More and more people are adopting a Vegan lifestyle. It is better for the environment, and it is better for your body, too. But when most people out there do not eat according to meat and dairy free diets, it can make eating out at restaurants a challenge. But why should the meat eaters have all the fun? Here are three ways that you can ensure you have a delicious and filling dinner out.
Look up menus in advance. In our online world, there is more accessible information than ever before. This means that more often than not you will be able to source menus in advance of actually visiting a restaurant. While a menu might not detail the ingredients in every dish, you should be able to get an idea of how vegetarian and vegan friendly a place is and how likely it will be that you can find something in the restaurant that is actually appealing to your palette.
Give the restaurant a call. Many people will choose not to call a restaurant to ask about dietary modifications for fear of seeming bothersome. But as a paying customer, you are entitled to purchase a product that satisfies you, and this means that a restaurant, like any other business, will probably be able to cater to your individual needs - but it's still a good idea to check this by calling the restaurant a day or so in advance. Ask about vegan items on the menu but also ask about what modifications can be made to existing dishes to make them vegan. You might be surprised at how accommodating your local restaurants can be.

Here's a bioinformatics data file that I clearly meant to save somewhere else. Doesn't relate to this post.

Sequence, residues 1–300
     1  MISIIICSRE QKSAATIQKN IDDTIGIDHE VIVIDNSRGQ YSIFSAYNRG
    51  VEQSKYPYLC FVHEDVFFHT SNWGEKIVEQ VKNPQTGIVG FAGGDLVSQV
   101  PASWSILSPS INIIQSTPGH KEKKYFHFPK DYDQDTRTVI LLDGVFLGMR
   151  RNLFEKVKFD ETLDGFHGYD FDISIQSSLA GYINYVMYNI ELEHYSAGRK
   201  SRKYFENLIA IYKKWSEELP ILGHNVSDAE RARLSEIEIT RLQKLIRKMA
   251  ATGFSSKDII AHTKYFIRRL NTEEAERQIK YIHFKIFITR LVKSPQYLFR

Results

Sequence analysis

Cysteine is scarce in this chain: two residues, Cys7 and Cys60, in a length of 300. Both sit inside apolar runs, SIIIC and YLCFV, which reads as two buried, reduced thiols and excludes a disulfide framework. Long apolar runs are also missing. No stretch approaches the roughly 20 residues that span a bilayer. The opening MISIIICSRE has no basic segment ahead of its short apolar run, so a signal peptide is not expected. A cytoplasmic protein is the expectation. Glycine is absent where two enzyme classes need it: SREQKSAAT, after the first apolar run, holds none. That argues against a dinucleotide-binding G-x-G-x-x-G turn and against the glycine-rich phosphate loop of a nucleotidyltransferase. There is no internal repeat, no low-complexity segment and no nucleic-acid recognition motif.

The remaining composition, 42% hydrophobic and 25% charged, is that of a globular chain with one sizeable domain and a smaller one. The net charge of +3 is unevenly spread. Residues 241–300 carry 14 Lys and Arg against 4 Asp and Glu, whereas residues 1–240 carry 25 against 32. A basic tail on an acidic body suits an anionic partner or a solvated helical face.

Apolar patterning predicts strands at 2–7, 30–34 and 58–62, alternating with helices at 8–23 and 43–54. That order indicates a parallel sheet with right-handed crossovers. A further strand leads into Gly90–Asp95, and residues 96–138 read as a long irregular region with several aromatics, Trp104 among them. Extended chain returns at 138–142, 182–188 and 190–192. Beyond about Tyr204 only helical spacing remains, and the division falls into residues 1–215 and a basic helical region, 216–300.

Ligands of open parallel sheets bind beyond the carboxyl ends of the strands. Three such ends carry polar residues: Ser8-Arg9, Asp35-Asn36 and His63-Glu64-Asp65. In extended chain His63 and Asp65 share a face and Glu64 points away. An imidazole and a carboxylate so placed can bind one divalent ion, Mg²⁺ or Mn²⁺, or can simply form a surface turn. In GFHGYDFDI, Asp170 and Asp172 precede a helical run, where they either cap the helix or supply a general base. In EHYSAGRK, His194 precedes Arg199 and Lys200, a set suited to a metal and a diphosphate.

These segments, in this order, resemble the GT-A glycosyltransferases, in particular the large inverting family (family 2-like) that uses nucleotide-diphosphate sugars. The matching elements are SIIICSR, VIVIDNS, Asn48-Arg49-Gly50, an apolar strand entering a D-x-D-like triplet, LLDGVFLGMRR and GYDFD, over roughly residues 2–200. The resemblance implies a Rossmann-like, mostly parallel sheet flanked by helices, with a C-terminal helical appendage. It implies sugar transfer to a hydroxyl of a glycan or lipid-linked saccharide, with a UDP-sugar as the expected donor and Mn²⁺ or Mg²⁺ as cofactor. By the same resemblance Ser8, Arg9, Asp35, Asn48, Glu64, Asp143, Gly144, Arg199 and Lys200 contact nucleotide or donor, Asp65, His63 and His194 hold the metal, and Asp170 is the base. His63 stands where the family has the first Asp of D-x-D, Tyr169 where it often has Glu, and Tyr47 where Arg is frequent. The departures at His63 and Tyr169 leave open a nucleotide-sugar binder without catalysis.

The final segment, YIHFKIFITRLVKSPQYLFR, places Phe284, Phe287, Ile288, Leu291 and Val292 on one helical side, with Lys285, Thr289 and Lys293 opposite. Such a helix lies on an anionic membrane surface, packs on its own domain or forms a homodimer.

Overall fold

Go Asian. The vegan cardinal rule is that whenever you are in doubt, seek out Asian food. With many Buddhist and Hindu populations in Asia, this is a part of the world that has many active vegetarians, and the cuisine caters to their needs. Plus, dairy is not such a big deal in south-east Asia, so if you can find something vegetarian, there is a good chance that it will be vegan as well. Some sample dishes that you might want to try and find are green papaya salad from Thailand (without the fish sauce, this is a fresh, zingy spicy dish, which is typical of the country), and masala dosa from south India (potato curry served in a lentil flour crepe that is vegan without the use of ghee).
For more information or advice, contact a business such as Mrs Robinson.